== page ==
African Communities in New Zealand: An Investigation of Their Employment Experiences and the Impact on Their Well-being Using African Oral Tradition of Storytelling as Research Methodology

Tuwe, Kudakwashe
Nakhid, Camille
Neill, Carol
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Doctor of Philosophy
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Auckland University of Technology

This qualitative study seeks to investigate and identify the key employment-related experiences and challenges faced by New Zealand-based African communities and the impact of these experiences on their well-being. The African oral tradition of storytelling was used (as a methodology) to critically examine the meanings, feelings and experiences of these communities (Olupona, 1990; Tuwe, 2016). The use of African storytelling enabled African community groups and individual participants to share their “lived” experiences regarding the employment-related experiences and challenges within New Zealand. The main research question was: What are the main employment challenges faced by African communities in New Zealand? The Labour Disadvantage Theory (LDT) and Critical Race Theory (CRT) were used as theoretical frameworks. LDT theory states that most minority groups are disadvantaged and excluded from the labour market and sometimes coerced (by the system) into starting small businesses (Li, 1997). Some individuals end up on state benefits because of not getting employment (Li, 1997). CRT is widely used to examine issues of racism and discrimination (Bell, 1985; E. Taylor, Gillborn, & Ladson-Billings, 2009). In the context of my study, CRT was utilised to investigate racism in employment regarding Africans in New Zealand. These two theories will be used to explore the employment experiences and challenges faced by African communities in New Zealand. In-depth discussions using face-to-face interviews with 20 individual participants and storytelling in the African tradition with four community groups provided the data to critically examine these employment experiences. For the purposes of this study, I will refer to community groups as communities. One of the unique features of this study is the concept of communities in storytelling. This thesis uses African storytelling as the research methodology (Achebe, 1959; Olupona, 1990) and the approach of using communities was more than the focus group concept. Community voices expressed common experiences, worldviews, thoughts and feelings of the African communities regarding employment issues. According to McMillan and Chavis (1986), the characteristics of a community include place or locality, interest and communion. In the context of this study, place refers to New Zealand. Common interest concerns employment experiences. Communion refers to ‘spirit of community’, and ‘sense of belonging’ (Ife, 1995) which is enshrined in the African concept of Ubuntu. Ubuntu means ‘I am what I am because of you’ (Mandela, 1994.p.10). The original contribution to the body of knowledge of my study is in three specific areas namely; the utilisation of the African oral tradition of storytelling as a methodology, the concept of communities in storytelling or the use of community group discussions (referred to as communities) as opposed to contemporary focus groups and the application of the African philosophy of Ubuntu. The African storytelling provided African communities in New Zealand an opportunity to share their employment experiences using lenses and worldviews they are familiar with (Olupona, 1990). The use of community group discussions offered members of the New Zealand-based African communities a platform to learn, discuss, debate and challenge each other on employment matters. The Ubuntu philosophy helped African community members to maintain respect and dignity for each other as they discussed their employment experiences, even if they did not agree (Mandela, 1994; Nussbaum, 2003). The Ubuntu philosophy also strengthened and complemented the use of communities in the African storytelling process. The results showed that African communities in New Zealand are experiencing employment challenges such as racism and discrimination, English language proficiency and non-recognition of their overseas qualifications. The study concluded that for African communities to settle and contribute meaningfully to the productivity of New Zealand these challenges need to be addressed urgently. This will require a coordinated approach by key stakeholders, including the government, African communities, employers and service providers. The stories of African communities showed determination, resilience, community networks and strategies to survive under challenging employment conditions such as under-employment and lack of promotion opportunities. The storytelling set-up depicted the olden days’ communal gatherings where people sat around a fire listening to stories from their elders. It is hoped that this research process would empower the African communities and make their voice heard.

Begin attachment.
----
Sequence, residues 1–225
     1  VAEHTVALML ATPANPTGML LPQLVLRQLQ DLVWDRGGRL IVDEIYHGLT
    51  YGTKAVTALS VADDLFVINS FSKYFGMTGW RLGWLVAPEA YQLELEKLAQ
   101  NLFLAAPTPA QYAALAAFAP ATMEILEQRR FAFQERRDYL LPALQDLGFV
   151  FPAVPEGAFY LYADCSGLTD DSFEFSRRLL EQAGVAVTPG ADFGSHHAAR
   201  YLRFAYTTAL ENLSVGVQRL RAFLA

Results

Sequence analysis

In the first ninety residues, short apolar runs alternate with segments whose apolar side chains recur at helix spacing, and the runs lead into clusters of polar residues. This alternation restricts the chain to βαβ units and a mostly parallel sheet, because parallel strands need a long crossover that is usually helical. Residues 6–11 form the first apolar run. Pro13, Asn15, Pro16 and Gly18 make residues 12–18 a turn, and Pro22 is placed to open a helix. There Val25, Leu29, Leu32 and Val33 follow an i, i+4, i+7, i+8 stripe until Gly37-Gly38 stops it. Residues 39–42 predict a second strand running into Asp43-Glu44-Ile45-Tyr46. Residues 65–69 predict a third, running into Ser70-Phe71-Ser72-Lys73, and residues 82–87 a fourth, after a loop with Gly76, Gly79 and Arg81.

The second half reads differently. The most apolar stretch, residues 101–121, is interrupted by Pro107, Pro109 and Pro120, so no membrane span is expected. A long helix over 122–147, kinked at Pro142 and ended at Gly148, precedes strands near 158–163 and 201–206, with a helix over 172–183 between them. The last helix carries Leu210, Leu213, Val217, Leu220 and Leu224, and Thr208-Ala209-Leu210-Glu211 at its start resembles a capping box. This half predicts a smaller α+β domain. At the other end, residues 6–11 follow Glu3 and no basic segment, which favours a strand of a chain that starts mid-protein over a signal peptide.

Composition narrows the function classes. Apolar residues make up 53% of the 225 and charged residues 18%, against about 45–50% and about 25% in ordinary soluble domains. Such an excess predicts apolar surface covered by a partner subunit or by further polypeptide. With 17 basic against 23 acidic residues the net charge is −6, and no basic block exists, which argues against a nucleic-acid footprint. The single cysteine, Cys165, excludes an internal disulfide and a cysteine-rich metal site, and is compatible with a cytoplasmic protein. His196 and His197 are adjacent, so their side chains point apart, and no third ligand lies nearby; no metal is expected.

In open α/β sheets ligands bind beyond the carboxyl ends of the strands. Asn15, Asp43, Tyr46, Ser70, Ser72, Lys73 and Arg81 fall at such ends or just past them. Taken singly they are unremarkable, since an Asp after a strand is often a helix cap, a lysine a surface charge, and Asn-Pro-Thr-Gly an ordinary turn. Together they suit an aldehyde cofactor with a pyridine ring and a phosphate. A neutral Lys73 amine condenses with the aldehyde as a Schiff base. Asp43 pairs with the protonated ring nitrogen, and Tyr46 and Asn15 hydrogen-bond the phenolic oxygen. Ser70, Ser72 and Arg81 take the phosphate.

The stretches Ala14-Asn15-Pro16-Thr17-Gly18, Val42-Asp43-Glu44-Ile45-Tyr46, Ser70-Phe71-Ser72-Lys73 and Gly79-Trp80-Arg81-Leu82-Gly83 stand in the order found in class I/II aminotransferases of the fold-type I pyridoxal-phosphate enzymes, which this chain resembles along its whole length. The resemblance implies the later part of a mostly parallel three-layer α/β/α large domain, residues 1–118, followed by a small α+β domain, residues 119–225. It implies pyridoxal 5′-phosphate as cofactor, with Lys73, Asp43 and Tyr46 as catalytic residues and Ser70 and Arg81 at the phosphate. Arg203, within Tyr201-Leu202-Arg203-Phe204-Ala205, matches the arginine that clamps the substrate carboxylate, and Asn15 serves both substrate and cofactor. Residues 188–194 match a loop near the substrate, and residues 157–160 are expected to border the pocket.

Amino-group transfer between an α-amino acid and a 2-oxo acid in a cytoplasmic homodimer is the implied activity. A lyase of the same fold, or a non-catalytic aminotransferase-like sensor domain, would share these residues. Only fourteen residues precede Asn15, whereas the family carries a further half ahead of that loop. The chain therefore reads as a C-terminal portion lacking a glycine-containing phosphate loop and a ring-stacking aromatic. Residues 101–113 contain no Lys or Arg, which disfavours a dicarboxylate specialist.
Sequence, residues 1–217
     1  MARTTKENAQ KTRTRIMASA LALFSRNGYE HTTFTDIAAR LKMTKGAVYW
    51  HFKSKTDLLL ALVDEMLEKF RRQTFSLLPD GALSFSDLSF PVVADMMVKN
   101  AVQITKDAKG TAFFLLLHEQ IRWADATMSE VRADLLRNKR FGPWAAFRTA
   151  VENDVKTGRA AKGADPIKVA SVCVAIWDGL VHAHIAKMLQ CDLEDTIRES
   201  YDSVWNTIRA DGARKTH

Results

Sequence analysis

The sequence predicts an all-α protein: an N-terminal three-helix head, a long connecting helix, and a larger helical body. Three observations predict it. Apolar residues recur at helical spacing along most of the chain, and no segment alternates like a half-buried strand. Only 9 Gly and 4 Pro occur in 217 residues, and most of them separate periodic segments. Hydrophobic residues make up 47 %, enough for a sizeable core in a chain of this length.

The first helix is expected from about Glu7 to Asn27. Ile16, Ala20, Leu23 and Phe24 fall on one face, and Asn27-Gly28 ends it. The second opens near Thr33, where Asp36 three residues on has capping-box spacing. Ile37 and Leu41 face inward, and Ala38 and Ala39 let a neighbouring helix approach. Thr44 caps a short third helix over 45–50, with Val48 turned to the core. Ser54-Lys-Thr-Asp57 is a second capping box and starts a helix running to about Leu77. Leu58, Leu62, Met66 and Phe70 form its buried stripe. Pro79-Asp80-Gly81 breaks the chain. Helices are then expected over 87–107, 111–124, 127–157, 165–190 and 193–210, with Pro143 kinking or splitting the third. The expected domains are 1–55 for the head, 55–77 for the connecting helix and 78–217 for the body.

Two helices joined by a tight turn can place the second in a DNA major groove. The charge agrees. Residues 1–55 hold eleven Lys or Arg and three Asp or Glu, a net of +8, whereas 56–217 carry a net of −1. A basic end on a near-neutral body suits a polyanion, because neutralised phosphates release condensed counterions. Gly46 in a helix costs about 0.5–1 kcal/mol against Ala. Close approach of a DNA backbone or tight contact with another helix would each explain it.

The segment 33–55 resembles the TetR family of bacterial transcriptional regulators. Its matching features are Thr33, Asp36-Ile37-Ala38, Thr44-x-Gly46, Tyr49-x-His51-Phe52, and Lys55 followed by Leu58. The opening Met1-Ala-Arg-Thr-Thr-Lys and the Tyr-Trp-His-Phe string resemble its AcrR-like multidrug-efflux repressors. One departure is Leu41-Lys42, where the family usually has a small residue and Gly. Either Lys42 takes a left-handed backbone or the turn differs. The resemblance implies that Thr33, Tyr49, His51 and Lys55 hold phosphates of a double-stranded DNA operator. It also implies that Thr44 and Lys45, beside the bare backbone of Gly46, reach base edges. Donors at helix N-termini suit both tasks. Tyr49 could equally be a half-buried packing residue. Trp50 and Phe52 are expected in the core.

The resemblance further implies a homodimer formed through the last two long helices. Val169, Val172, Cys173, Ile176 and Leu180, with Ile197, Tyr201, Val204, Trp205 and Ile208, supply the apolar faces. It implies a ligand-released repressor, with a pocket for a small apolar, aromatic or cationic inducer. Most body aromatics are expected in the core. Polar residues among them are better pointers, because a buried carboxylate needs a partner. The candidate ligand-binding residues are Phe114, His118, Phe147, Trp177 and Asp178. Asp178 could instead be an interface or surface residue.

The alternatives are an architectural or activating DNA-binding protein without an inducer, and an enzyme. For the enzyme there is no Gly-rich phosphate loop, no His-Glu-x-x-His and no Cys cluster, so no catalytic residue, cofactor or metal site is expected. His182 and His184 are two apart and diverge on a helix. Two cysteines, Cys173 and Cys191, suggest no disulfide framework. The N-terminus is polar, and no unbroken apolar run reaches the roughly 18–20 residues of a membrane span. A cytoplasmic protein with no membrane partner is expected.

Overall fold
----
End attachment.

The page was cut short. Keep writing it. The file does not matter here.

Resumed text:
Employment experiences for Africans in New Zealand , African communities in New Zealand , Africans in New Zealand , African storytelling; Ubuntu philosophy; Impact on wellbeing
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